Captain America: The Winter Soldier Almost Opened With A Big World War II Flashback

The Russo Brothers kept busy after wrapping up "The Infinity Saga" for the Marvel Cinematic Universe. Following their streaming debut on Apple TV+ with the Tom Holland-led film "Cherry" in 2021, the Russo Brothers teamed with Netflix for "The Gray Man." The film is enjoying a limited theatrical run, with a wide release on Netflix this Friday. The directing duo has kept busy with their production company ABGO, but that doesn't stop them from reminiscing. The Russo's continue to share the occasional Easter egg and scrapped concepts from their tenure in the MCU. A tenure that began with "Captain America: The Winter Soldier."

The Russo brothers redefined the star-spangled man with a plan with 2014's "The Winter Soldier," which saw Steve uncover a vast conspiracy within S.H.I.E.L.D. Captain America becomes a man on the run, hoping to expose the corruption within S.H.I.E.L.D. while being hunted by the titular Winter Soldier (Sebastian Stan), who happens to be his best friend from the 1940s, long thought dead. The film's emotional core, Steve and Bucky, was almost brought to life in a completely different way than what's seen in the movie. The Russo's recently revealed concept art that shows a scrapped alternate opening for the film.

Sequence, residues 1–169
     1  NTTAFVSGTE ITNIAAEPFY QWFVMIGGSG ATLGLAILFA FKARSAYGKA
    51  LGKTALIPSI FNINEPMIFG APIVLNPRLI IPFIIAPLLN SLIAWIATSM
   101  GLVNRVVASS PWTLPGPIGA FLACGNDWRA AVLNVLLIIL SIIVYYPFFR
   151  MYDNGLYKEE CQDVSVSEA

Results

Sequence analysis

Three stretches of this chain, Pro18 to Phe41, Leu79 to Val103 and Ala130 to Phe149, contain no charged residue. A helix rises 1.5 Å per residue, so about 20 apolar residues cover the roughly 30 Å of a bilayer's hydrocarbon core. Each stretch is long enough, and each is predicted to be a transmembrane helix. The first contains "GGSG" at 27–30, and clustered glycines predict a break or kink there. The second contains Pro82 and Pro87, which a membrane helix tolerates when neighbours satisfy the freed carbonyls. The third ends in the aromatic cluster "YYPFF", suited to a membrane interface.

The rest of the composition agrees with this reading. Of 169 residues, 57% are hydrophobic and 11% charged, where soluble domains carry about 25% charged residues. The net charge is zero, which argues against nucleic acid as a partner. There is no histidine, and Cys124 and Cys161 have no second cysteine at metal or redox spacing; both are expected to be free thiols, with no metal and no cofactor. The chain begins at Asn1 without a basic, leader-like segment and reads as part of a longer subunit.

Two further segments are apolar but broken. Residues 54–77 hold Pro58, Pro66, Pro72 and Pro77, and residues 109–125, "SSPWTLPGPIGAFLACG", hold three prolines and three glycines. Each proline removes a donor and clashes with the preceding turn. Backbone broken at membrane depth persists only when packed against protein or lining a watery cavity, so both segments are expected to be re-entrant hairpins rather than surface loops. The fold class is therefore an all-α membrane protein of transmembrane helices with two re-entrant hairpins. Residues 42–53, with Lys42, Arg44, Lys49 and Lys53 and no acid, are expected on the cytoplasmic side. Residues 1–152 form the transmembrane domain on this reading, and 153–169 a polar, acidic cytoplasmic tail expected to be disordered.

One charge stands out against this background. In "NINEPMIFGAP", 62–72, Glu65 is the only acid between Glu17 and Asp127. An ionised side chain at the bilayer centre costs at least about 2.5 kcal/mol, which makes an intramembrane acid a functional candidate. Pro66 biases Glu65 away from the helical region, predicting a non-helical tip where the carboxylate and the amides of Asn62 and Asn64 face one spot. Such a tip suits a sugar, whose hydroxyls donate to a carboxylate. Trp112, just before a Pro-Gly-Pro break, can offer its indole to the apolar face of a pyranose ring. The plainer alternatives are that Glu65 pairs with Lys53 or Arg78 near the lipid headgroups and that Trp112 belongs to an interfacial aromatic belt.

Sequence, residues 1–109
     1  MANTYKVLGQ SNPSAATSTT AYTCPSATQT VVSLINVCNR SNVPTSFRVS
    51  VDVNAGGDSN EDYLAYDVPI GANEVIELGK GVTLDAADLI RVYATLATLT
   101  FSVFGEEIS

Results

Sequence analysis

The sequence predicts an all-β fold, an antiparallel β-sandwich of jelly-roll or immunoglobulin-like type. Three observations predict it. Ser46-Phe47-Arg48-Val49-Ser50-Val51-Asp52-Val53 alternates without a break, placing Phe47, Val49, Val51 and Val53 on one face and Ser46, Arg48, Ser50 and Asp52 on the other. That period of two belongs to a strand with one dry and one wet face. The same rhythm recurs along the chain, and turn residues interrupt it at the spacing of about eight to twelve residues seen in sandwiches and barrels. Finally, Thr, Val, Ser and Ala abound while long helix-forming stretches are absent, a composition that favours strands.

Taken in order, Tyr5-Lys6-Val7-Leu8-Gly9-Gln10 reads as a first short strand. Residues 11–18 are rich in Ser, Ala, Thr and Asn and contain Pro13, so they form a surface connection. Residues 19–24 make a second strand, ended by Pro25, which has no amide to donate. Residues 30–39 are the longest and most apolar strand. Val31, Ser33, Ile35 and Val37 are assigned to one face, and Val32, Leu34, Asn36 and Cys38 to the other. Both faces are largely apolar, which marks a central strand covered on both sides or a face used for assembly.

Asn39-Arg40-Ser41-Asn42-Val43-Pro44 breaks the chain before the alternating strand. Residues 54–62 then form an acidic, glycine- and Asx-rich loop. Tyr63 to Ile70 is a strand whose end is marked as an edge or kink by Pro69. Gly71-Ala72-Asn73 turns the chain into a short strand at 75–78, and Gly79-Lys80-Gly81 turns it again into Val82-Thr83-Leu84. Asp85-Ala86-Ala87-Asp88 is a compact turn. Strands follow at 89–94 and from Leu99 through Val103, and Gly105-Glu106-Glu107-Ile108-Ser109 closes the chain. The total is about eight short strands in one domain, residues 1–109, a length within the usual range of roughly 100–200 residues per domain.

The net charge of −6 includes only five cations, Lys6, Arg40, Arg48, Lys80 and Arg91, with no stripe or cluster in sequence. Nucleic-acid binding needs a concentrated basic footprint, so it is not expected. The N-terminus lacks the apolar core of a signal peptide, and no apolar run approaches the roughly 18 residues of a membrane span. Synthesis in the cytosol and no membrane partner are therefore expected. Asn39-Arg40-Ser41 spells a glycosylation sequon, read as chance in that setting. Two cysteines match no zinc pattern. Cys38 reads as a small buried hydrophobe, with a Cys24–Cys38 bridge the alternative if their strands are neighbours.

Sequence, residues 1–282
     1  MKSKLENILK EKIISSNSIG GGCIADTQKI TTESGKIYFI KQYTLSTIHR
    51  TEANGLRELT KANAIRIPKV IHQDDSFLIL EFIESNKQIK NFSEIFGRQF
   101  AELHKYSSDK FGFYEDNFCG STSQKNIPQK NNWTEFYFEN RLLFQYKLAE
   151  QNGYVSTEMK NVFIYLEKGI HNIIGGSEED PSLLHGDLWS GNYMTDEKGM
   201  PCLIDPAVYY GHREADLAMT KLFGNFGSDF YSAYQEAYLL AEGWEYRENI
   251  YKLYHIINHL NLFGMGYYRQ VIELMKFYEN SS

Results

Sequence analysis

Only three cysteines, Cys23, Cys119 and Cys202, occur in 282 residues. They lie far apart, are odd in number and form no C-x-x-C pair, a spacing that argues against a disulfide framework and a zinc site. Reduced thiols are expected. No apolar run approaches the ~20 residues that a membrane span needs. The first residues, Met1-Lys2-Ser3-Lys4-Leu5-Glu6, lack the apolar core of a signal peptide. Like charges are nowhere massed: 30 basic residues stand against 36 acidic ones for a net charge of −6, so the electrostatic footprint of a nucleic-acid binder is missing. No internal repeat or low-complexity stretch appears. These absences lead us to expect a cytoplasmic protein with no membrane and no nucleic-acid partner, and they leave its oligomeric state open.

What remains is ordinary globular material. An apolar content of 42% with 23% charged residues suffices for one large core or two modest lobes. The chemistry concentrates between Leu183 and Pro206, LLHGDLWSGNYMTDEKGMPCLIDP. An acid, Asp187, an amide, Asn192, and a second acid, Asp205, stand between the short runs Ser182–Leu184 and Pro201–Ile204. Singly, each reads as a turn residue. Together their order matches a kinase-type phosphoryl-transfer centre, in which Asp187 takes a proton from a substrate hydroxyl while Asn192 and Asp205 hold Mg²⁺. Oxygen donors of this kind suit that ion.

A large scale battle with emotion

In a promotional video on Netflix's YouTube to promote "The Gray Man," the Russo Brothers gave a tour of their swanky ABGO production office. While giving the tour of their office space, the Russo Brothers showcased concept art that they had made when initially pitching their first MCU film. Originally, "Captain America: The Winter Soldier" was set to open up with a massive World War II flashback battle sequence. According to the Russo brothers, the flashback highlights Steve and Bucky's friendship, providing audiences with the emotional investment that would come back with a vengeance when Bucky is revealed to be the Winter Soldier.

The Russo brothers don't elaborate on why the scene did not make it into the final film. In a brief interview with, the Russo's simply said they "ended up cutting that about two months before shooting."

Instead, audiences were treated to the incredible Lemurian StarĀ opening action sequence set in the present day. While this opening World War II flashback isn't in the film, there is still a flashback set in the late '30s, before Steve and Bucky were shipped off to war. It was an emotional moment in the film that, while not as large-scale as what the Russo's originally envisioned, still helped to establish the emotional stakes of the film.